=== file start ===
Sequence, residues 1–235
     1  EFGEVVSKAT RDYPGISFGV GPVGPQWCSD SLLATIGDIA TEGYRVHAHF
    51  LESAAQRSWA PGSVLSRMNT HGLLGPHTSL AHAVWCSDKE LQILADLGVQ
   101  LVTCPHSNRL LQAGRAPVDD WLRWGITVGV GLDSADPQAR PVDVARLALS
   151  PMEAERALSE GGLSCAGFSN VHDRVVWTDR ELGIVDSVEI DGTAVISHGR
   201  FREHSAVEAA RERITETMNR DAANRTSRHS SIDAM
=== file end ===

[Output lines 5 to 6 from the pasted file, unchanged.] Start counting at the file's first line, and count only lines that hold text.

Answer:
   151  PMEAERALSE GGLSCAGFSN VHDRVVWTDR ELGIVDSVEI DGTAVISHGR
   201  FREHSAVEAA RERITETMNR DAANRTSRHS SIDAM